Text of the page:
How To Check If A PHP Variable Is Empty

How to check if a php variable is empty

One of the great things about the PHP programming language is that built-in, are lots of powerful functions that a developer can use to help aid their software. One of the main things to learn as you start out your programming journey is getting familiar with the types of things that come as default in the language. All the pre-defined functions will help save you time (just like the PHP empty function), and avoid the need for you to code something from scratch, particularly when there's already an internally built function for it. Here are some reasons why you should choose to use PHP's functions instead of coding your own.

  • There's good supporting documentation for each function
  • Much better for performance
  • Heavily tested and continually bug-fixed
  • The functions will always be improving or getting replaced by better variations
  • Being an open-source language means they'll have a stronger stand on security
  • When our developers work on your code, they'll understand the logic faster, if you've used PHP's own functions

Some of the most common internal PHP functions are the variable handling functions. These will appear a lot when you browse other people's code, whether that be on GitHub or in a programming job in which you make up a team of developers. As these functions are built into PHP directly, there's no need to load external libraries to build these extensions. That's even better knowing that with each version of PHP you work on, whether that's your own managed code, or a client's, you'll know these types of functions will be available. As of PHP 8.2, there are currently 37 variable handling functions.

When working with variables in your code, have you ever needed to check if the variable you're working with is empty? The chances are that's very true. But why would an empty variable matter, or cause any problems in our code if gone unchecked? Let's find out why.

What is the empty PHP function?

The empty PHP function is a great way to determine whether a variable is empty or not. A variable that is empty is considered this if it does not exist or if the content (value) is equal to false. Let's look at an example of both of these conditions.

First, if the variable doesn't exist, but we still check it, we will get true.

# true
var_dump(empty($test));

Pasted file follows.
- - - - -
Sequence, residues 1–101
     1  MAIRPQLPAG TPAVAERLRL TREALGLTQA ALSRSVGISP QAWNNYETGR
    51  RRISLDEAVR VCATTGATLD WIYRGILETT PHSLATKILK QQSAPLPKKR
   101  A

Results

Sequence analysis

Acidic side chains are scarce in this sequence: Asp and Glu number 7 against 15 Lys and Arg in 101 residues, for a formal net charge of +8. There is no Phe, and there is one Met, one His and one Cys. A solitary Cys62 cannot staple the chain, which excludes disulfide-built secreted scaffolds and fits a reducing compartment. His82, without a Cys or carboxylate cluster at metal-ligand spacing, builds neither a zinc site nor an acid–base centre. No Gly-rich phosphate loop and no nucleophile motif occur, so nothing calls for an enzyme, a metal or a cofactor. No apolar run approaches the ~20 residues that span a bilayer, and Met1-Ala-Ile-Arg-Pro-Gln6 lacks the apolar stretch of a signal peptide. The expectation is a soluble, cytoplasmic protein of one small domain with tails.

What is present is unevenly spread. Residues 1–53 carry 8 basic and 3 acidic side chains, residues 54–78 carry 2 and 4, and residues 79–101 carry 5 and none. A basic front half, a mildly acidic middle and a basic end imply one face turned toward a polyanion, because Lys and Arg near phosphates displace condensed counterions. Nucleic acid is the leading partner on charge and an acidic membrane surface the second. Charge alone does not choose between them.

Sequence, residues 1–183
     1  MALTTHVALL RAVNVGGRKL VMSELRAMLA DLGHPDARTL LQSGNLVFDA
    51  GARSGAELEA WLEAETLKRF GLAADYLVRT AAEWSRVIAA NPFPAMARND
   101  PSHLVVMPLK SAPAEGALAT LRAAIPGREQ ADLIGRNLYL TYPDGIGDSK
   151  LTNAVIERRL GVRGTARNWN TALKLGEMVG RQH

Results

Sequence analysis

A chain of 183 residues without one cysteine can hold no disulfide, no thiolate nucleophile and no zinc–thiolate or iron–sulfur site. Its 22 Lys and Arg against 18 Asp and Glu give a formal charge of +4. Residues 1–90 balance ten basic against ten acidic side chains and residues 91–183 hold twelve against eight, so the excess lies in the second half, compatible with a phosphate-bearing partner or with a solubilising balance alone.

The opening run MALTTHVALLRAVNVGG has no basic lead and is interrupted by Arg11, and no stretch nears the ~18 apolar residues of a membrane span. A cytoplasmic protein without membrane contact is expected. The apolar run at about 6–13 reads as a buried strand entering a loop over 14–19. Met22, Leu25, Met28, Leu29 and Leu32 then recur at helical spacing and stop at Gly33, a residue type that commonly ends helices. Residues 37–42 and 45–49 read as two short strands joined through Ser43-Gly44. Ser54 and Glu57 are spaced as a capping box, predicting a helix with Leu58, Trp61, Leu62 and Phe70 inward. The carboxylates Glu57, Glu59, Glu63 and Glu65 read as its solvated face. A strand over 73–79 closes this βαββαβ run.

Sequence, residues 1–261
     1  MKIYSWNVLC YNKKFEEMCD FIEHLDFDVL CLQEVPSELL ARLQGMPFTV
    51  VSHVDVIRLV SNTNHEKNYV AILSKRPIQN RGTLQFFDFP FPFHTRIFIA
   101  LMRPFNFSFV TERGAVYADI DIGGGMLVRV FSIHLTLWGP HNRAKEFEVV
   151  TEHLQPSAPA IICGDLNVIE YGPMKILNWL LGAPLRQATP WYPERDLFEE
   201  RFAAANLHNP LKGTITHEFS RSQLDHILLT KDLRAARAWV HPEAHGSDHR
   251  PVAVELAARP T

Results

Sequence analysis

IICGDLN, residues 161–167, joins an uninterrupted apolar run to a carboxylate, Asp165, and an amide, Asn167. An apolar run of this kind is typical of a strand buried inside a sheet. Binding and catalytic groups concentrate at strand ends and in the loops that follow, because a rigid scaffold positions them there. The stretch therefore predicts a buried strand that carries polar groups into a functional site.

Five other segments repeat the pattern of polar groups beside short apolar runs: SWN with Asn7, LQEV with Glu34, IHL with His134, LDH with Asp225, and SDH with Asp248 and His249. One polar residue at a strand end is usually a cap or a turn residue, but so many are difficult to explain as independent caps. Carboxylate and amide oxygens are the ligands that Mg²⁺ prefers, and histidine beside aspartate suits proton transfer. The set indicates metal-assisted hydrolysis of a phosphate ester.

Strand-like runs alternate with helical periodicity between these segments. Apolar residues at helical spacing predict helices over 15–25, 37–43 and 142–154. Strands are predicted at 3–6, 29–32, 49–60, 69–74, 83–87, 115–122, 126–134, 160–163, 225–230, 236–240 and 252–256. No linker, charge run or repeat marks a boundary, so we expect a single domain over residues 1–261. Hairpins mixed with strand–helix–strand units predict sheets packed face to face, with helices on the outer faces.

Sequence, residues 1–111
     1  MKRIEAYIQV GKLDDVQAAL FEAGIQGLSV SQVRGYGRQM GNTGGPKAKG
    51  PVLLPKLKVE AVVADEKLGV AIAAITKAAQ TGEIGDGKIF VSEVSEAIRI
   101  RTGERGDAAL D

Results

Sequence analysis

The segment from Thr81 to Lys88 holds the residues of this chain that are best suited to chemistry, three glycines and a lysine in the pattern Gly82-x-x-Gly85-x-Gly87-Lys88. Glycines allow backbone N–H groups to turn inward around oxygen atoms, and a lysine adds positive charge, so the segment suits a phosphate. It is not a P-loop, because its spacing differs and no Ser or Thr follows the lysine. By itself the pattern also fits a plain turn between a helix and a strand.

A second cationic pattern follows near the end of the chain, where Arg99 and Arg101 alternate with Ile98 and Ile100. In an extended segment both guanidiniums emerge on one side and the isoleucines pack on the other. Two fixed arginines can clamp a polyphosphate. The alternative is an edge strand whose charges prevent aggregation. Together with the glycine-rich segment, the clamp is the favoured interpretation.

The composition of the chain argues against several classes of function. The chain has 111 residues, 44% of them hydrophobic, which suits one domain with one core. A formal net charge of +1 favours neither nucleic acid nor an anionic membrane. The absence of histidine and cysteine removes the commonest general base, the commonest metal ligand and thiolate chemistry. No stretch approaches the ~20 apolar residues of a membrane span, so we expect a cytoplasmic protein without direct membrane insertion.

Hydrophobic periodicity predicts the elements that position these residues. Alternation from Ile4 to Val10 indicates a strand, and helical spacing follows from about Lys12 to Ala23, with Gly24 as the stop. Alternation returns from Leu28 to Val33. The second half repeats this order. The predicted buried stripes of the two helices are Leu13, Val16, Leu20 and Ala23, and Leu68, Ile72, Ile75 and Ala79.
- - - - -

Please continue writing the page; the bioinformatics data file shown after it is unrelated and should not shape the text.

Secondly, if the value of a variable is false, the empty function check will return true.

$test = false;

# true
var_dump(empty($test));

Also, if the variable is set, but is blank, this will result in returning true.

$test = '';

# true
var_dump(empty($test));

Checking a variable with 0 will also return true, as the test variable is an integer.

$test = 0;

# true
var_dump(empty($test));

Also '0' (string zero), is classed as empty also.

$test = '0';

# true
var_dump(empty($test));

A null variable also is classed as empty in PHP.

$test = null;

# true
var_dump(empty($test));

A completely empty array is also classified as empty in PHP. There are better functions to use when working with arrays in PHP. Especially if you're checking if keys exist and or values are in an array.

$test = [];
# false
var_dump(empty($test));

It's also good to point out that the empty function does not trigger a PHP variable undefined warning when checking a variable that does not exist. It is equivalent to the "isset" function in that regard.

Here are some examples of empty returning false, which are polar opposites to the above.

$test = 123;

# false
var_dump(empty($test));

An array, although technically empty, isn't classed as empty as it contains one element.

$test = [''];

# false
var_dump(empty($test));

The empty PHP function takes in any mixed type of variable and will always return a bool.

When to use empty instead of the isset function in PHP

The isset function in PHP is used to determine if a variable is set in the code, whereas the empty function in PHP checks if the variable contains an empty value. Both have similarities in the ways of checking PHP variables and whilst both protect against triggering a PHP warning where a variable doesn't exist, you should use them in different scenarios. Typically you would use the isset function to make sure a variable is set before attempting to use it, for example, the code below checks if the variable is set before outputting the result.

$basket = ['product' => 'Book', 'price' => 10.99];

if (isset($basket['price'])) {
 echo $basket['price'];
}

Whereas, if the price was set to nothing (free), it wouldn't output anything as it evaluates to false, therefore not passing into the if statement, as we're checking that empty is not true (i.e. it is not empty).

$test = ['product' => 'Book', 'price' => 0];

if (!empty($test['price'])) {
 echo $test['price'];
}

Conclusion

Empty is a great way to check if a variable is empty, without the risk of triggering a PHP warning for a variable that wasn't previously defined.

  • The empty function takes any kind of variable
  • The empty function will always return a boolean
  • A completely empty array "[]" returns true, but "['']" will return false

Senior PHP developer. Author of Dev Lateral guides and tools. The complete place for PHP programmers. Available to hire to help you build or maintain your PHP application.

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